Tuesday, October 30, 2012

Nicole

Model : Nicole
Makeup Artist: Amber Trimble


Saturday, July 7, 2012

Monday, July 2, 2012

Delphine Winter and makeup by Faces by LaRae

Makeup Artist: Faces By LaRae



Monday, June 25, 2012

Carol Bares Single light beauty dish


Single beauty dish camera left.


Sunday, June 24, 2012

Bree Cherise and makeup by Faces by LaRae

Some shots from the shoot with model Bree and makeup artist LaRae, assistant was Carol Bares.


Makeup by Faces by LaRae
Model Bree


Beauty dish camera left, soft box on background, speed light camera right.

Beauty dish above center, silver reflector below camera center, bare bulb behind.

Tuesday, June 19, 2012

how to retouch skin using frequency separation

When we retouch a portrait we want to maintain a realistic appearance by removing blemishes and smoothing out skin tone. Though we are often forced to sacrifice one for the other, frequency separation allows us to retain skin texture while softening skin tone. We can do this because we are working on each individually, separate from the other.
We're going to start of with a shot with some blemishes that we want to remove.


Our first step is to duplicate the background layer twice, for ease of identification an organization put the duplicate layers in a group and rename them. I've renamed the bottom duplicate layer color and the top one texture as well as renaming the group to retouch. This allows us to easily identify the layers we are working on and know what they're doing. At this point, hide the texture layer and select the color layer. Apply a slight blur to the color layer using gaussian blur, just enough to blur the fine details but don't go overboard with it. By hiding the texture layer we can see the effect of the blur on the color layer.
Moving on, we want to unhide and select the texture layer. Go to image - apply image. Your source is the file that you're working on. Under layer select 'color', and channel should be set to RGB.



If you're working with a 16 bit file use the following settings:
Invert: Unchecked
Blending: Subtract
Opacity: 100%
Scale: 1
Offset: 128

If you're working with a 8 bit file use the following settings:
Invert: Checked
Blending: Add
Opacity: 100%
Scale: 0
Offset: 0

Preserve transparency and mask should both be unchecked.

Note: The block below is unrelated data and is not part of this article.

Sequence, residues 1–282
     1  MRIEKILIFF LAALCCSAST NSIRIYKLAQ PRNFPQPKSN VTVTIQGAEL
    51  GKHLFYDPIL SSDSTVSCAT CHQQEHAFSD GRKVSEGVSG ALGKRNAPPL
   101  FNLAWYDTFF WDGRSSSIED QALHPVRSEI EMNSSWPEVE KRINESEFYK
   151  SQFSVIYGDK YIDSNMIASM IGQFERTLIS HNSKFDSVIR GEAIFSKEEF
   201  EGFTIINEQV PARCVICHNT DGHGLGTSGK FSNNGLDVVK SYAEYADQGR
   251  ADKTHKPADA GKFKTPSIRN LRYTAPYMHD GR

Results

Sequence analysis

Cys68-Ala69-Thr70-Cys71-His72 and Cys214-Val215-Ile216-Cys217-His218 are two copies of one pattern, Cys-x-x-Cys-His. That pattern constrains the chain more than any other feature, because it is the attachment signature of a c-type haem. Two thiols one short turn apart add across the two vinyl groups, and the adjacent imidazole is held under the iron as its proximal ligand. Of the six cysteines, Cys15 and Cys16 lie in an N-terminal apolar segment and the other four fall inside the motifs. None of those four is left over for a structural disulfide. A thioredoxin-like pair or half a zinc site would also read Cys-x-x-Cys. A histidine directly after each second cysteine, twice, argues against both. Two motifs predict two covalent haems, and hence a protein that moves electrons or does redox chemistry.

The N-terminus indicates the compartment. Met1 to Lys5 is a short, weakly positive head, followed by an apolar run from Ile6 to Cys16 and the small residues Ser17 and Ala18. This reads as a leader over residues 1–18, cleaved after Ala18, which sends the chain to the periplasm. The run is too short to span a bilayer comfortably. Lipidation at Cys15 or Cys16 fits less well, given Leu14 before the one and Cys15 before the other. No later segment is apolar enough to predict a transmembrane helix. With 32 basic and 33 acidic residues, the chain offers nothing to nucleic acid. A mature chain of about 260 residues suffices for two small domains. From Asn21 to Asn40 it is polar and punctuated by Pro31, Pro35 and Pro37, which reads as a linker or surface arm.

You should have a mid-grey layer with a faint outline of the image. You now want to changing the layer blending option to 'linear light' What this does in effect is create a layer that acts much like the unsharp mask filter, but since we've created two separate layers we can work on the color and texture of the image independently.

To do this, start by again hiding the texture layer and selecting the color layer. I find it easier to start by retouching the color layer without texture so we can see just the effects of the color. Smooth it out using the clone stamp tool or your other favorite method, we want a layer that has even and smooth skin texture with soft gradations in the shadows and highlights. Make sure if using the clone tool that your source is set to current layer. This is why we use a small blur initially, so as to preserve some of the fine edges such as boundaries between the lips and skin or eyes. Once we are satisfied with the color we can unhide and select the texture layer and clean up the texture using the same technique.

Our final image should have a smooth skin but still retain the texture of skin. It's important for the realism of the portrait that there is still texture such as pores, a blurred skin looks fake and should never be acceptable. Using the frequency separation technique outlined here can provide high quality results and can be done quickly. Total time for me on this sample was around 6-7 minutes.

Compare the original photo above to the final retouched version by clicking on either for a larger image.


Sunday, April 22, 2012

How to use a beauty dish

A beauty dish creates a nice semi-soft, semi-directional light that has a slightly more defined shadow edge than a soft box or umbrella and the directionality and focus of a reflector. The sweet spot for a beauty dish is about 1 to 1 1/2 times the diameter of the dish.

For this shot of Lauren Jennings I set up the beauty about a foot and a half away from her on camera right and slightly higher than eye level to give a nice paramount (butterfly) type lighting pattern. The beauty dish was metered at f/11. The fill light was a 40x40 soft box 2-3 feet away and was camera left and just slightly below eye level to fill in the shadows and give a nice soft overall light. It was metered just under the main light. The back light was a bare reflector metered the same as the main and placed low to give a nice glow on the hair.

This shot uses largely the same type of set up, with the dish and soft box being further away. By setting the dish further back the light is harsher and more directional producing a more distinctive shadow. The beauty dish is lower and further right creating a loop lighting pattern, with the soft box being closer to on axis to give an even light. The hair light is bare reflector camera right and up high, with a red gel to compliment the color of the bra. The main light is metered at f/8, the fill around 1/2 to a full stop under, and the hair light at about the same and feathered slightly.

Wednesday, February 22, 2012

Veronica


Went down to the river today with the lovely Veronica and got some great shots.  Playing with my new lenses and trying out some new lighting as well.  Overall it was a great shoot and I'm excited to have some new photos to post.

Tuesday, January 10, 2012

fashion and beauty photography

I've compiled a slideshow of some of my fashion and beauty photography on youtube. Please enjoy. :)